The Future Isn't Now

Have you been paying attention to the recent developments regarding ES modules (ESM) in Node.js? If not, you really should. Earlier this month, support for ESM landed in Chrome Canary, and it stirred up a lot anxiety on Twitter around the actual details of how ESM will be implemented. The Webpack team put out a nice, informative blog post that’s definitely worth a read.

The crux of the issue is that ESM will behave differently than CJS modules, but existing transpilers (like Babel) and packaging tools (like Webpack) that support the ESM syntax have been producing code that behaves a bit like a combination of the two module systems. Code that was written with ESM syntax today will almost certainly need to be refactored within the next year or two. There’s the fear that this could become a sort of “Python 3” moment for the JavaScript community: an awkward, painful transition period as library authors port over their code to the new system.

I think this is one of those obnoxious “teachable moments” about the trade-offs you make when you try to emulate or adopt bleeding edge web standards before there’s an official implementation. It turns out that implementation details are really important, especially when you’re working in an environment where there are multiple, often conflicting implementations that you need to deal with all at once. When Babel first came out, it was often evangelized as a way to write future JavaScript today; the idea was that when ES2015 finally hit browsers and Node.js, you’d be able to just drop the transpiler from your build process and call it a day. The reality is much messier.

Lest you think I’m picking on Babel (a project I genuinely like and use every day) or even JavaScript as a whole, I’d like to point out that this is something that’s happened over and over again in the world of frontend web development. When HTML5 support was trickling out to browsers, the “best practices” were in an almost constant state of churn (RIP <hgroup> and pubdate), and to this very day, the HTML5 document outline is not implemented in any major browser. Another good example is flexbox: the original syntax from 2009 is significantly different than the syntax we use today, but by the time the new syntax came around there were already a slew of JavaScript polyfills for the older syntax. The transition between the old and new flexbox syntax was pretty awkward as I recall.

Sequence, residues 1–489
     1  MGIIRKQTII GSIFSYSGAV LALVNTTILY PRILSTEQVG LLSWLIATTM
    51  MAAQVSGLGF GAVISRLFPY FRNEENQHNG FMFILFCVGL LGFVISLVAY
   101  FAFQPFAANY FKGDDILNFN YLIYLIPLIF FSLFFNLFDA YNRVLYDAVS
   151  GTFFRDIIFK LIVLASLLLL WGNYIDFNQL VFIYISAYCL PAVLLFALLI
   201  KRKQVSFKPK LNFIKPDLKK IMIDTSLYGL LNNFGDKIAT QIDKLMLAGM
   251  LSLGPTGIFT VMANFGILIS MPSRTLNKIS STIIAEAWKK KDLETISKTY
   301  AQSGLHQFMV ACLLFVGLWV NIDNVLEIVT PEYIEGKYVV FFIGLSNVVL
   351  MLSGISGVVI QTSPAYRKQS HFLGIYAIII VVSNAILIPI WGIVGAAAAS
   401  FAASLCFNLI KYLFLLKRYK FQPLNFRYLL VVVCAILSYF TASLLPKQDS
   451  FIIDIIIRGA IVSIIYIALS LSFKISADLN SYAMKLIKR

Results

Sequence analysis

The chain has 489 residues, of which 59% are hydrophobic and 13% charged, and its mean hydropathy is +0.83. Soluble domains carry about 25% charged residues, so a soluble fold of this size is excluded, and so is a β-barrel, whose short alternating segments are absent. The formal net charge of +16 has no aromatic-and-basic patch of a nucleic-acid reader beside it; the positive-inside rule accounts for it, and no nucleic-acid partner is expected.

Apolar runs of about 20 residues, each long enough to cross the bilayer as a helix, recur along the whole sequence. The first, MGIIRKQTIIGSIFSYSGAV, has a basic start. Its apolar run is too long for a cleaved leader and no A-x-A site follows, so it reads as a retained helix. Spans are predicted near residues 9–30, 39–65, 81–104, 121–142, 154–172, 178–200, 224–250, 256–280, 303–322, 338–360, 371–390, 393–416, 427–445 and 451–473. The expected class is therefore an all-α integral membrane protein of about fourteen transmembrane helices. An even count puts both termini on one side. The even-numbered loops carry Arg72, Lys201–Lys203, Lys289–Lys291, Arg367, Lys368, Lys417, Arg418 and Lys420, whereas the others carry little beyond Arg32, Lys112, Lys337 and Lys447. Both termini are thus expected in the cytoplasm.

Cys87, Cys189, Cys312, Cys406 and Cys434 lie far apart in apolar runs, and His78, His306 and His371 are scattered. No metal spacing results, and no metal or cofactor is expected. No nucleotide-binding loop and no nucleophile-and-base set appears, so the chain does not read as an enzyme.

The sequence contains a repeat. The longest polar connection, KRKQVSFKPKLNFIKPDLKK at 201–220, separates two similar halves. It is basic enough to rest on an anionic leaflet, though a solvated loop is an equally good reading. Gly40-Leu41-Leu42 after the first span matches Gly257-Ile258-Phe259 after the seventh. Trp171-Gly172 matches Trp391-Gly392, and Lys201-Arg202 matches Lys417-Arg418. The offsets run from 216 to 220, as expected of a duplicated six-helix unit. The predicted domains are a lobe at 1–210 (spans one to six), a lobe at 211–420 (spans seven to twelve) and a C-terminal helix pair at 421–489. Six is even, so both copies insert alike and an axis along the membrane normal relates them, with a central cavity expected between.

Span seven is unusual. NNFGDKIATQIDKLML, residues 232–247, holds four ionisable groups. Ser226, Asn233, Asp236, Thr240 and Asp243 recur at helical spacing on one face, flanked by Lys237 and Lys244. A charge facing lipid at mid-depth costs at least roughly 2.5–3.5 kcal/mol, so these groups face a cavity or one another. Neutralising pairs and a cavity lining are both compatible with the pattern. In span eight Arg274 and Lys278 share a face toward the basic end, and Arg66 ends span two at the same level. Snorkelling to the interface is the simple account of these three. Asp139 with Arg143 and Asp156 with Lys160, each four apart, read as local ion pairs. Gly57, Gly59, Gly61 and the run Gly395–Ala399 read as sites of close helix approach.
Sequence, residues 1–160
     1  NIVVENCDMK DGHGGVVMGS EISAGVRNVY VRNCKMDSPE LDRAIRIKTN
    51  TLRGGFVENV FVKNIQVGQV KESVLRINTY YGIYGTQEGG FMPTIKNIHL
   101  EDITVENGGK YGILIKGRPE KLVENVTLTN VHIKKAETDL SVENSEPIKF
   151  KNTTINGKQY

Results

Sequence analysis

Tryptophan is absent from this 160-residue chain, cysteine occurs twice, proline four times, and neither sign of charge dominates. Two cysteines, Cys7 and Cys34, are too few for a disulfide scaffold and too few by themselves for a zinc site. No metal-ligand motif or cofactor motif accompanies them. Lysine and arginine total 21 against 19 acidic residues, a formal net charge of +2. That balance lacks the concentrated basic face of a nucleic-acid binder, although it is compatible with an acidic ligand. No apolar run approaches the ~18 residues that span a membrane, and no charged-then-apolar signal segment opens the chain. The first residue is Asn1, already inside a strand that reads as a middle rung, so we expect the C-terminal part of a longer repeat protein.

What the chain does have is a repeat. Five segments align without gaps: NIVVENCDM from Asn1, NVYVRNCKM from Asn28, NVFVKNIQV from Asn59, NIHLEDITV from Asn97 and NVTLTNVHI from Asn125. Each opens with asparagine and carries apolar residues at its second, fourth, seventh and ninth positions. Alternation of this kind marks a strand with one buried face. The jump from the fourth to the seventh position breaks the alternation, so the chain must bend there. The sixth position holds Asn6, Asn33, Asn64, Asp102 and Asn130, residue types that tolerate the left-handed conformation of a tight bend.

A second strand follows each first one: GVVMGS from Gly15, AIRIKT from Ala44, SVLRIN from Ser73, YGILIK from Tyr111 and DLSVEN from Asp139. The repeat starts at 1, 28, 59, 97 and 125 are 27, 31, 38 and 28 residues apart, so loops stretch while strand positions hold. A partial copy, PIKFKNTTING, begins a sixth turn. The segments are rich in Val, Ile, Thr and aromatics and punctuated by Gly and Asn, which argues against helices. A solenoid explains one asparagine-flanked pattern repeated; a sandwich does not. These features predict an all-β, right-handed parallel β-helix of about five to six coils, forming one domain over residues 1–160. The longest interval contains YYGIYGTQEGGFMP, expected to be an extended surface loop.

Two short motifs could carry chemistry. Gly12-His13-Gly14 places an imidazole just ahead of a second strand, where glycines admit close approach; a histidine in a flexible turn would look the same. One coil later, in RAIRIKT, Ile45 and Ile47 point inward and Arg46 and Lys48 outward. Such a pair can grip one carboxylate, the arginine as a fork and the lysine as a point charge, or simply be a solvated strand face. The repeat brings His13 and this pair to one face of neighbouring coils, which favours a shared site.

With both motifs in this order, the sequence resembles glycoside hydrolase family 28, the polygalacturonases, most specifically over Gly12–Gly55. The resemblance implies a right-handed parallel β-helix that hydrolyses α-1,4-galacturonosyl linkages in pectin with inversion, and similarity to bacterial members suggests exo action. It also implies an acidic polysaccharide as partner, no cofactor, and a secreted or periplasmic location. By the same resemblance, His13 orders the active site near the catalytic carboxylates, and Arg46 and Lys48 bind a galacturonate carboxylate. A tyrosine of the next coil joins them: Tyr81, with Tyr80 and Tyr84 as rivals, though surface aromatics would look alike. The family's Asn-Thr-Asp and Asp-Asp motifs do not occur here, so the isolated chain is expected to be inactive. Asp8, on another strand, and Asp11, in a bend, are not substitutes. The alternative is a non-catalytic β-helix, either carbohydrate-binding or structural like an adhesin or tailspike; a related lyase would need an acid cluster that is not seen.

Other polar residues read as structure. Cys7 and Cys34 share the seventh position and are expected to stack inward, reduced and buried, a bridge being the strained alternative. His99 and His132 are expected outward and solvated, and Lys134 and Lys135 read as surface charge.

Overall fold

My point is this: I’m all for taking advantage of new language features, new APIs, and so on, but if you want to stay on the bleeding edge, you’ve got to commit to staying on the bleeding edge. Your code is almost certainly going to need to be refactored at some point. You’re probably going to have to learn a lot of new concepts along the way and, just as importantly, unlearn a lot of stuff you used to know. You should dispense with any illusions that you’re writing future code today, because you don’t actually know what future code will look like. The future isn’t now, it’s later.